Going To Heaven, I’ve Been to Hell.


Posted Tue, Apr 30, 2013

“I wasn’t old enough to join the Navy. But I was tired of school, tired of my home life. I saw the Navy as an outlet. I couldn’t think of any other way, it seemed like a good idea.” — Gerald Johnson

Seamen Johnson

Seamen Gerald Johnson secures a line aboard The Blue Ghost.

There was only one problem. Gerald Johnson was 16-years old. The Naval Reserve requires individuals to be at least 17 to join. The person Gerald turned to for help, would be the one person who this decision would weigh heaviest upon — his mother. Johnson’s mother knew that the problems that festered at home, might cultivate into a dissolution much worse than joining the military.

“It was hard, but she knew it was better than anything else that could’ve happened,” Johnson says. She knew that I would leave anyway, and this just seemed like a better option for both of us. She would know where I was, that I was safe, and that was all that mattered.”

Johnson’s mother knew a notary who was willing to endow his request through a notarized legal document, lawfully identifying him as an individual of appropriate age to enlist. After supplementing his birth certificate with the official document, Johnson was accepted into the Naval Reserve.

“They couldn’t turn me down if I passed the written test and the physical,” Johnson says. “I was fit. I didn’t smoke or drink, and since they thought I was 18, I knew nothing could hold me back after that.”

Johnson began juggling school and training with the Reserve every other week and on the weekends at the Naval Air Station in Memphis. The arrangement would grow stagnant, Johnson had become anxious in his new situation, it was time for another transition. Johnson decided it was time to take the next big step.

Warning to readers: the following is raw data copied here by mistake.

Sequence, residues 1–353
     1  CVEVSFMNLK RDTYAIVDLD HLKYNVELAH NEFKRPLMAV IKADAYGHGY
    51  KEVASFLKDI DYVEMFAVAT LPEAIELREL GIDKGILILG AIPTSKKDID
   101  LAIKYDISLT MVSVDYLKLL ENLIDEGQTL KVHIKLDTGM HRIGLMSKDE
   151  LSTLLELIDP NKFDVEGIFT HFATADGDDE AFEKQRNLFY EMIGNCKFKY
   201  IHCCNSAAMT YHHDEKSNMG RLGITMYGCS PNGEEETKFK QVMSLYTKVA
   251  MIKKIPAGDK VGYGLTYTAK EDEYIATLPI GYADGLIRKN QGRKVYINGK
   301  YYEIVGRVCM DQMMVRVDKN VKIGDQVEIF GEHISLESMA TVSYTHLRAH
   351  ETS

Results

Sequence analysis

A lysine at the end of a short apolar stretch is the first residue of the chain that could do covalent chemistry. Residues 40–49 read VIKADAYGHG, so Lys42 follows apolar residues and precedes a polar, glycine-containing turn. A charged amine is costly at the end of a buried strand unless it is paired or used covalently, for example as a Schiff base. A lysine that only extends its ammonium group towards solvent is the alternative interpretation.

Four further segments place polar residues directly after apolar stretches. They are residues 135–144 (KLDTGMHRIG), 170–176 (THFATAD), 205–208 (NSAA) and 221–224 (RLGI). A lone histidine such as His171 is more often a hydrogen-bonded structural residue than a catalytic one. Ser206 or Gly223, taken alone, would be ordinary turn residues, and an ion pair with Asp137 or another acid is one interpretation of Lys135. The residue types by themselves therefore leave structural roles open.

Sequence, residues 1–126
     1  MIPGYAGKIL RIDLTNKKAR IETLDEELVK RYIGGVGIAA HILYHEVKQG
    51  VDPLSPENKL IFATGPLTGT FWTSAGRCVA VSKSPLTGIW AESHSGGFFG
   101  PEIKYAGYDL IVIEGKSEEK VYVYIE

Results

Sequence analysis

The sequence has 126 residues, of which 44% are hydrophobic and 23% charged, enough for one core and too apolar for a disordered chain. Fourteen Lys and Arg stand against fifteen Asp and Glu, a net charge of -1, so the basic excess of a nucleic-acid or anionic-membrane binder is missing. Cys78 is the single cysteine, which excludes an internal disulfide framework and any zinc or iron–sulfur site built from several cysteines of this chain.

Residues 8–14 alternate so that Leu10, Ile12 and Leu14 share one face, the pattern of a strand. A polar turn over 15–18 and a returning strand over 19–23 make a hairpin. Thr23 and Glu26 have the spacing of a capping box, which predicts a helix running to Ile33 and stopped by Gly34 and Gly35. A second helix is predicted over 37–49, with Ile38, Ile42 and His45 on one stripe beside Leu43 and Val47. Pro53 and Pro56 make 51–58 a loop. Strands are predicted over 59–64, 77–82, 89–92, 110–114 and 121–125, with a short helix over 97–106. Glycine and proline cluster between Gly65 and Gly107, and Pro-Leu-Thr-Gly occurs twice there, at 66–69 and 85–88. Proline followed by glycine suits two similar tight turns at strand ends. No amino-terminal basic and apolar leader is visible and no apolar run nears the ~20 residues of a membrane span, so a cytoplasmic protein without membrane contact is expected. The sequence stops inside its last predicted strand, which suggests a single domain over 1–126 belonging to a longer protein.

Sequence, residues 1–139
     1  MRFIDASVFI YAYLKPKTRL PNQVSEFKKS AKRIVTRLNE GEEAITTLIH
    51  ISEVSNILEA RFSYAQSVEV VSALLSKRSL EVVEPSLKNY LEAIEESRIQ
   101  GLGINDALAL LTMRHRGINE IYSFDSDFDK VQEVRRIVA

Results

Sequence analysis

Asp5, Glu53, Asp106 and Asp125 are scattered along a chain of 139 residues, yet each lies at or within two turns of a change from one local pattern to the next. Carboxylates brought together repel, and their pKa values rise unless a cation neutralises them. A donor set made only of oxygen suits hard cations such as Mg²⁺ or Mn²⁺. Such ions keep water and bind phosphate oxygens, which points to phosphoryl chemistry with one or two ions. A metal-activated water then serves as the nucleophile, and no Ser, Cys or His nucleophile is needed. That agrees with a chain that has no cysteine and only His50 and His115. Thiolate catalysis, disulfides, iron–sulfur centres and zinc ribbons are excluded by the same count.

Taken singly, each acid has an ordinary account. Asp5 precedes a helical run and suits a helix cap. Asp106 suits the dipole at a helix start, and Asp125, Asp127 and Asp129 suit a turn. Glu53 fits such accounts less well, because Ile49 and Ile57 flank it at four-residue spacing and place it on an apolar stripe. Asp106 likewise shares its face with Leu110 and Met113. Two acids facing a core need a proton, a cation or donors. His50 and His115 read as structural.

“Finally, I told them I wanted to go to active duty. I was ready to leave home,” he says.

Johnson’s request was granted, and he was sent to the opposite side of the country at the Naval Training Center in San Diego.

“I went through basic training,” Johnson says, “and since I was already in an aviation reserve unit, they assigned me a job at the Air Navigation at North Island. It was a regular job. I was there from 8-5, off on the weekends. I got lucky. Some guys got some pretty bad jobs.”

But really there wasn’t too much to worry about. Johnson says his unit was well feed and had a place to sleep. “Three hots and a cot is what we called it,” he says. “We were taken care of and got paid. I probably only made $300 a month, but I didn’t have to pay for anything.”